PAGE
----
May 31 2017

Lenin on the Train by Catherine Merridale

I totally judged this book by its cover.

First of all, the book is by Catherine Merridale. About a decade ago, I picked up a copy of Ivan’s War and was rewarded with one of the most amazing works of history that I have ever read. It’s a chronicle of the Great Patriotic War as seen by the ordinary soldiers who served in it. There’s a certain amount of documentary work behind the book, but mostly it is based on interviews conducted by Merridale and a small team of historians who worked with her. Ivan’s War would have been flat-out impossible before the fall of the Soviet Union, of course, and maybe impossible again now for both demographic and political reasons. Yet Merridale and her colleagues got these men to open up about their service, their lives before and after, what they experienced, what they expected of their society afterward, and how that went. It is a brutal, brutal book because of its subject matter (the Red Army inflicted three-quarters of the casualties suffered by the Nazi war machine), best summed up by one veteran’s three-sentence description of the war. “They called us. They trained us. They killed us.” At the same time, though, it’s full of life — survivor bias at play — as these men recalled a time that was central in their individual lives and to the collective life of their now-former nation. I remember that the Ivans loved their Lend-Lease Studebakers, and many of them held on to a positive view of America despite the Cold War. Ivan’s War was so good that I will buy a new book by Merridale as soon as I see it.

Second of all, the cover of Lenin on the Train — and here I am talking about the UK hardback — is awesome. Oh, for a world where book ads are hung in multi-story size on downtown buildings! Because this design deserves to be gigantic. It leaps straight out of the early 20th century Russian avant garde and sets both book and reader in motion. The title and author’s name form a rectangle within the borders of the form of the book, but their justification and positioning mean that they don’t sit still there on the front of the book. Like their subject matter, they are moving steadily and constantly. Behind the words, abstract strokes of red on black that, at first glance, could be the lightning of the revolution that Lenin intends to bring to Russia. Electric power was an important element of early Communist propaganda, and making that manifest on the dust jacket would tie form and content together, along with echoing the styles of art that surrounded revolutionary ferment in Russia. On closer inspection, though, the lightning strokes are parts of the wheel set of a steam locomotive. Here is one of Lenin’s trains, in red (for socialism, for the blood of war, for the power that moves both) across a background of black, steaming through Germany and around the Baltic Sea, delivering Russia’s most uncompromising revolutionary. The cover perfectly unites subject and style.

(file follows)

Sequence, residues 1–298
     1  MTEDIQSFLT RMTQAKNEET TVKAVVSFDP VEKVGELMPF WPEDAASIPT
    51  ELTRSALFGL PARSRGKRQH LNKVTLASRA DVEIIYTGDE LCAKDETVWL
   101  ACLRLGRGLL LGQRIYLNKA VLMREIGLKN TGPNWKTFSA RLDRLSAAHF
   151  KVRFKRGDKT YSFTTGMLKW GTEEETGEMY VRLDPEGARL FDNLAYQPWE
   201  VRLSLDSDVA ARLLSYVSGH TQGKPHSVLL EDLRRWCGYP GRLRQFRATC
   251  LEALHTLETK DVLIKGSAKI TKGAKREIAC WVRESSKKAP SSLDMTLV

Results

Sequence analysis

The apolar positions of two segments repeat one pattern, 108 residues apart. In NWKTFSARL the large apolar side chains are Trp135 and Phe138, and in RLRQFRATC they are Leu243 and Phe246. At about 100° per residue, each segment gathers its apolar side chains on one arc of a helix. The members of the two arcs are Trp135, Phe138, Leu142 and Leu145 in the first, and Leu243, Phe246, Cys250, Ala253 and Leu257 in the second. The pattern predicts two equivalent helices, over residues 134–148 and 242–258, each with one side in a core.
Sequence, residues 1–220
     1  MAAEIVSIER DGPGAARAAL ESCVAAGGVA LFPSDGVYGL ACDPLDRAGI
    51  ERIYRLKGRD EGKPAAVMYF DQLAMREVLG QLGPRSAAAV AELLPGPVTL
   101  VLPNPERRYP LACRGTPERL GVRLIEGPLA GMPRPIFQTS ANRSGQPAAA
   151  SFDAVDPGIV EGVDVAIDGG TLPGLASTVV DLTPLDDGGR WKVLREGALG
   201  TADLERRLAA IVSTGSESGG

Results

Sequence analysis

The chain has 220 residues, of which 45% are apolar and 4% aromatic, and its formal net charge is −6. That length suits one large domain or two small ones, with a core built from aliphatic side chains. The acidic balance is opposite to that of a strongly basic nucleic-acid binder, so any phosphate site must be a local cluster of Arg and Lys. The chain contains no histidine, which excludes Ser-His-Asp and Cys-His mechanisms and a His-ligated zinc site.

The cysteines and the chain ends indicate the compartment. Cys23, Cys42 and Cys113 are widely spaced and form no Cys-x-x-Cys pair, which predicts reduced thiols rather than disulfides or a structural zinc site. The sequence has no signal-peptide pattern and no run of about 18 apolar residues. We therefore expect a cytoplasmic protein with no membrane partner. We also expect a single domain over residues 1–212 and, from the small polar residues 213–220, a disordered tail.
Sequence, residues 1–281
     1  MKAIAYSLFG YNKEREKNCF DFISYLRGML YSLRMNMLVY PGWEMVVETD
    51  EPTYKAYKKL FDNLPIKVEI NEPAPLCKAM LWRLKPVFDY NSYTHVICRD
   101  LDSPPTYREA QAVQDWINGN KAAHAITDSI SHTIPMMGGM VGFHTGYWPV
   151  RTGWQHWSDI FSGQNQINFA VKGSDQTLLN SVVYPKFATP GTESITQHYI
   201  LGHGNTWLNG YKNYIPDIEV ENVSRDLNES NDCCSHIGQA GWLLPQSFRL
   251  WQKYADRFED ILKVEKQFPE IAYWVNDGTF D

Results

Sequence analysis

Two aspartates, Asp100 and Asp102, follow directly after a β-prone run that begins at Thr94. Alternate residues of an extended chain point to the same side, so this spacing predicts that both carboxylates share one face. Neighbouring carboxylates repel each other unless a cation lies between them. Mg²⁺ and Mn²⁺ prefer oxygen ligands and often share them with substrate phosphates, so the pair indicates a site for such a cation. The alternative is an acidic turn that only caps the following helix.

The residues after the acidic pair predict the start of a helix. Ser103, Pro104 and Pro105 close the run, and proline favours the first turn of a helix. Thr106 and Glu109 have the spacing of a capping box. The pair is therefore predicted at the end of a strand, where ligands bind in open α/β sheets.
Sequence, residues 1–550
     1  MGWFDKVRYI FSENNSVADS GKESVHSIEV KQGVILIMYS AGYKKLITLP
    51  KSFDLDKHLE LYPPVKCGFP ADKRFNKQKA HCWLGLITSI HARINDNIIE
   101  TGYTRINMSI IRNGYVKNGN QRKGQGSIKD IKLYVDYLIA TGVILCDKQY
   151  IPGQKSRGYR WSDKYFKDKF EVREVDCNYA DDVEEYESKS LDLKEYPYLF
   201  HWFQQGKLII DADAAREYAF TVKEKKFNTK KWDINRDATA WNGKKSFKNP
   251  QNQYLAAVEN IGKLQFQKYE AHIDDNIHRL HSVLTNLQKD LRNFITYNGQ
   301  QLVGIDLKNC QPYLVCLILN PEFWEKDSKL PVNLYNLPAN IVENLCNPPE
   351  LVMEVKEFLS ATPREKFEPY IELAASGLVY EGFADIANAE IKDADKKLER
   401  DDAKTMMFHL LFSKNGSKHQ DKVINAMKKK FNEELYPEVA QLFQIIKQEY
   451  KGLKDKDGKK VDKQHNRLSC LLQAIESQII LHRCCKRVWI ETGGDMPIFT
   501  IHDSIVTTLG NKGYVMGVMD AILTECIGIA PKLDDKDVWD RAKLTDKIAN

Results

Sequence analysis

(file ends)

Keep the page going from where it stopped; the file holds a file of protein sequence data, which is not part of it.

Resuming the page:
The book, happily, lives up to the cover’s promise.

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May 28 2017

Amberlough by Lara Elena Donnelly

As far as fantasy novels go, this has a great setting and characters (with one exception that I’ll get to in a minute) and above all atmosphere. Essentially an alternate world take on Weimar Berlin before the fascists’ rise to power, it depicts life lived on a razor’s age, hedonism in the maw of societal destruction. As a fantastical version of Cabaret, as a paean to love beyond the typical heterosexual pairing, it’s a terrific novel.

But Jesus Christ, as a spy novel, it is godawful. I spent the last two-thirds of the novel utterly mystified by Cyril because nothing he did made a goddamn lick of sense. So basically a few years before the events of Amberlough begin, he got pulled out of the field after nearly losing his life in a Russia-like neighbor. He gets taken off of desk work, however, to try to infiltrate the fascists in the fictional stand-in for The Netherlands. It’s not really a spoiler to say that his cover is blown, but then instead of going home and licking his wounds like any other competent spy would, he turns. For no good reason, and he hates himself the entire time, and he makes a lot of shitty and incompetent choices. Not even a previous near-death experience could make such an inconsistent bungler out of the master spy we’re told he is. This is the worst spy novel I’ve ever read, and an insult to John LeCarre to have this book compared with his work.

That said, it’s a pretty good sociopolitical novel, and Ari and Cordelia are both fantastic characters. It’s a wildly original setting for a fantasy novel and I do want to know more about the people and the world. But God, not as a spy novel please.